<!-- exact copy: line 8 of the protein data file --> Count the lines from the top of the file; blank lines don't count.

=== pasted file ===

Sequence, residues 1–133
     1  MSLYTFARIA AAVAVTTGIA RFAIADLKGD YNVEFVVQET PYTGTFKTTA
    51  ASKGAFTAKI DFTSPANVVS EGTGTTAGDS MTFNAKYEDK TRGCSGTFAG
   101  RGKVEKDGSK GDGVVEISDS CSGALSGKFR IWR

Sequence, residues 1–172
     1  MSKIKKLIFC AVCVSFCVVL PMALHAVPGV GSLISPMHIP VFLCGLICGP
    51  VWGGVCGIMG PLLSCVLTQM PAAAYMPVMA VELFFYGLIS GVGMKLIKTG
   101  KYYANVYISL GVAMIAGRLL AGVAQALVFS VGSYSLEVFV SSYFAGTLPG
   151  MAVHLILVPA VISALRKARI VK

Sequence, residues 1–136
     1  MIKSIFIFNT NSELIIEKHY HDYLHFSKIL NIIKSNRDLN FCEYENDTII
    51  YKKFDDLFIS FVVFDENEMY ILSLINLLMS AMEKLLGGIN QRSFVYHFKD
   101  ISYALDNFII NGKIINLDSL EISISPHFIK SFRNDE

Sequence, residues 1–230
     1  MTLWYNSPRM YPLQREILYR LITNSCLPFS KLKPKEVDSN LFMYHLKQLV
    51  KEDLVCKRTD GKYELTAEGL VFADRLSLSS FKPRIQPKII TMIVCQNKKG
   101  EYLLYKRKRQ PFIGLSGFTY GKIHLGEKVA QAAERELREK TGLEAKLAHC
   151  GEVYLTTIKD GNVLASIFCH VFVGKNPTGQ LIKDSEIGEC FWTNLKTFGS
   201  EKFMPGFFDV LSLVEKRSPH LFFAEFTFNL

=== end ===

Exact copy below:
   101  KYYANVYISL GVAMIAGRLL AGVAQALVFS VGSYSLEVFV SSYFAGTLPG